March 24, 2024

AIGA is an emotive and visually spectacular devised performance piece, which deals with themes of interaction and desire as a Pasifika woman with disabilities. The performance piece consists of biographical vignettes made up of singing, dancing, poetry, and acted scenes. The main performer and subject of the piece, Lusi Faiva, was diagnosed with cerebral palsy at the age of two. […]

REVIEW: Sirens of the Silver Screen (Q Theatre)

February 28, 2024

Offered as part of Auckland Pride Festival 2024, Sirens of the Silver Screen is a charming and energetic drag cabaret, which pays homage to the plots and songs of popular films.  Miss Demeanour, Miss Givings, and Miss Manage provide renditions of songs which typify the nostalgia of films gone by. These performances were slotted into a loose narrative arc, which […]

REVIEW: Ngā Reta (Te Pou)

December 7, 2023

Ngā Reta is a poignant and humorous solo performance piece, which explores the individual nature of relationships and identity, in total-immersion reo Māori. The play follows Mia’s journey after receiving a box of letters, ngā reta, in the mail. The letters, from Kuia, detail her mother’s life and hint at the identity of her father. This throws Mia into turmoil, […]

REVIEW: Limited Time Only (Te Pou)

November 29, 2023

Limited Time Only is an entertaining and heartfelt exploration of love, loss, and what is important in life.  The play follows three siblings who meet up on the one-year anniversary of their mum passing. Opening a mysterious envelope thrusts the siblings into a reluctant journey through the nearby wilderness, with the promise of treasure. The story is funny and emotionally […]

REVIEW: Boom Shankar (Matchbox 2023)

September 14, 2023

Boom Shankar is a delightfully silly and immensely creative piece, which explores and subverts ideas around love and death. The play follows Shankar Shinde, an overconfident and arrogant bomb defusal expert, and Murray Murray, an overworked but conscientious bureaucrat in heaven. Writers and performers, Bala Murali Shingade and Aman Bajaj, must be commended for creating and embodying such complex and […]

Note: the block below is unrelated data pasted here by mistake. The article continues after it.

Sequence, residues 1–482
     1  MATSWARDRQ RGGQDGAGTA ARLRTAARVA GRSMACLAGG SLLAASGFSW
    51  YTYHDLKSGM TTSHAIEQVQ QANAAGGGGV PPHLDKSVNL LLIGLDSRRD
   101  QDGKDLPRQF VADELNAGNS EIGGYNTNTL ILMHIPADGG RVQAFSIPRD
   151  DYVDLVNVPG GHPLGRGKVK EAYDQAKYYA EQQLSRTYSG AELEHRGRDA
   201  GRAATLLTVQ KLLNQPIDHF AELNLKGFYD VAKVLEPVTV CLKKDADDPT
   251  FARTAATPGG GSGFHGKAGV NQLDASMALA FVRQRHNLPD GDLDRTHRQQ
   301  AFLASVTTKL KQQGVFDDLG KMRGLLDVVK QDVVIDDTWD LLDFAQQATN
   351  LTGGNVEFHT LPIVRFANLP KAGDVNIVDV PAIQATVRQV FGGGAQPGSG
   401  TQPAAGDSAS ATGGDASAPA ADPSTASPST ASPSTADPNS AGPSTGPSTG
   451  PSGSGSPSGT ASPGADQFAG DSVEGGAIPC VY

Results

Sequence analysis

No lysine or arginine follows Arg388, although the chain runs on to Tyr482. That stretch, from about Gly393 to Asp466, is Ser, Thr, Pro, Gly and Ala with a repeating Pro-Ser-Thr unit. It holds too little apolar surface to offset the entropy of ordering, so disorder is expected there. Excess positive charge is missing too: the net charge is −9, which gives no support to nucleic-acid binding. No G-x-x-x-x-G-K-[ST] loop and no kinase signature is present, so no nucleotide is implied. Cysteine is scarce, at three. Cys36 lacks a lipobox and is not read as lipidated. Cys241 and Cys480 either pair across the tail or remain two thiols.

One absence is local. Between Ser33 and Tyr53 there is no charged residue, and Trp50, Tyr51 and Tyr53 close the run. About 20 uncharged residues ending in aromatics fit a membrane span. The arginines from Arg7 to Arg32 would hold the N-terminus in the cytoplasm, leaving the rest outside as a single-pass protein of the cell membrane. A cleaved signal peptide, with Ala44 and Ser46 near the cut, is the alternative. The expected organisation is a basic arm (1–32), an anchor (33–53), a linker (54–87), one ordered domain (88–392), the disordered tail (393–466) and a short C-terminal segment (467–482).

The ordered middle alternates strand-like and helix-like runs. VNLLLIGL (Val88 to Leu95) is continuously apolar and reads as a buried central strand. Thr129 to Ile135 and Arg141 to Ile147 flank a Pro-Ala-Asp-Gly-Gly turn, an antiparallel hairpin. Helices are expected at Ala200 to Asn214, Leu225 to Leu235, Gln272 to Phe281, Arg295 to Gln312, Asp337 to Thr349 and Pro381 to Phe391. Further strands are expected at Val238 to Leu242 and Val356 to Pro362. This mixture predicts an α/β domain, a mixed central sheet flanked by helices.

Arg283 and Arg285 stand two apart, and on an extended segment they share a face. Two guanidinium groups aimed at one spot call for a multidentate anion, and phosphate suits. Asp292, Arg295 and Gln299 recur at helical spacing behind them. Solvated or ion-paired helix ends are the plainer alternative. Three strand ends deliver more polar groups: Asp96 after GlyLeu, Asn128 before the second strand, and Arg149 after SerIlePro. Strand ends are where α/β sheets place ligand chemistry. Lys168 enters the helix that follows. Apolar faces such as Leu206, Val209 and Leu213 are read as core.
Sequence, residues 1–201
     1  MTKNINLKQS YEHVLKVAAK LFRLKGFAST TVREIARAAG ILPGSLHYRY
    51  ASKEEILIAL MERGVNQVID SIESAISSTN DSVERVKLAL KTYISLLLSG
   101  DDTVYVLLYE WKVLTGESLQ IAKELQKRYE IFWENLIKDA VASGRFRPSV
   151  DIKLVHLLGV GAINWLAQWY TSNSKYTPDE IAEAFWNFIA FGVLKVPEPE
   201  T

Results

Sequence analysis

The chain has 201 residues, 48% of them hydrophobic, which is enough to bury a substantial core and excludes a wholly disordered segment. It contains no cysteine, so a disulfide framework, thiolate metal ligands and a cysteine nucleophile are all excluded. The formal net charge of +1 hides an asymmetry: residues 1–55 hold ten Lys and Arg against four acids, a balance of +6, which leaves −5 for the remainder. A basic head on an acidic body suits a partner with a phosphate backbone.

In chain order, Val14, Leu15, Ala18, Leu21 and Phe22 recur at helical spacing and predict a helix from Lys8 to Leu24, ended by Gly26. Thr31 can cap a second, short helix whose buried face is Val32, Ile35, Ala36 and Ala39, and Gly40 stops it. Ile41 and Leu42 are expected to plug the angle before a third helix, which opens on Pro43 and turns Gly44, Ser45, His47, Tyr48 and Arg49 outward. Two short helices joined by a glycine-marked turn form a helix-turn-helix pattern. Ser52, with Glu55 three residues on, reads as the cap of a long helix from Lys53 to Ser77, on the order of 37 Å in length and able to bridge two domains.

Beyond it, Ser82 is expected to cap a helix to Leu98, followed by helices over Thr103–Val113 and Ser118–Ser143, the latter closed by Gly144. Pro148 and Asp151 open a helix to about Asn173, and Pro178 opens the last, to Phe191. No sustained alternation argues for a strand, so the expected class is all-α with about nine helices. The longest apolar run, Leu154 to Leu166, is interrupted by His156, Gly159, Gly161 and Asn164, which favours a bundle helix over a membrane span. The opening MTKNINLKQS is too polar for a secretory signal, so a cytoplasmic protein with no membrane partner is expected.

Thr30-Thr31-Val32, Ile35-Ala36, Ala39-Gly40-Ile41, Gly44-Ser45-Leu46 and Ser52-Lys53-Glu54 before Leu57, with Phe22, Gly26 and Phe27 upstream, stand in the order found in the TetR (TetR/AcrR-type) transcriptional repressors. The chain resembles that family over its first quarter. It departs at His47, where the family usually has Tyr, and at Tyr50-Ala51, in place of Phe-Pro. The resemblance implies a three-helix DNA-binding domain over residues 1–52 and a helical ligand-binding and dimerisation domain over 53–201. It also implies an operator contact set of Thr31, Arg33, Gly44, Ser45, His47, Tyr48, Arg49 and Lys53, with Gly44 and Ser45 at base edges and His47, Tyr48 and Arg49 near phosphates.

REVIEW: I Want To Be Happy (Herald Theatre)

September 8, 2023

I Want To Be Happy is a deeply human and often surreal exploration of love, loss, and the individuality of happiness. The play follows Binka, a guinea pig in a testing facility, who is wonderfully realised and commandingly portrayed by Jennifer Ludlam. Paul is the laboratory technician assigned to look after Binka, whose portrayal is a masterclass in subtlety by […]

REVIEW: Heart Go…Boom! (Massive Theatre Company)

July 30, 2023

Heart Go…Boom! is an entertaining and affecting devised piece which explores and critiques the relationships we have with ourselves, and with others.  The play consists of five performers sharing semi-autobiographical solo pieces and wider ensemble work. The stories depicted are a great mix of universal and personal – from self-service checkout woes to having a twin, or from fitting-in to […]

REVIEW: a mixtape for maladies (Auckland Arts Festival)

April 11, 2023

 a mixtape for maladies is a poignant yet entertaining new work by Ahi Karunaharan depicting a family’s experience of unrest in Sri Lanka.  Presented as a ‘performed reading’ in the Auckland Arts Festival, the event begins with each of the performers introducing themselves and giving a brief description of their background. It is highlighted that in a perfect world, a […]

REVIEW: The Best is Yet to Come: A Queer Magic Show (Auckland Pride)

February 12, 2023

The Best is Yet to Come: A Queer Magic Show is part autobiographical story, and part magic showcase, deeply invested in uplifting the rainbow community. Jeremy Rolston opens his show with a very clear setting of boundaries. Rolston goes to great lengths to ensure the audience are comfortable – asking for names and pronouns, assuaging doubts about audience participation, outlining […]

REVIEW: Jez & Jace: Lads on Tour (Auckland Pride)

February 12, 2023

Jez & Jace: Lads on Tour is a humorous and heart-warming improvised show, which delightfully depicts two life-long bogan mates trying to figure out what they really want. The eponymous Jez and Jace; devised and played by Ginge and Minge, respectively (Nina Hogg and Megan Conolly, respectively); are the beer-swilling, womanising, stubby-wearing men that typify rural New Zealand. They are […]

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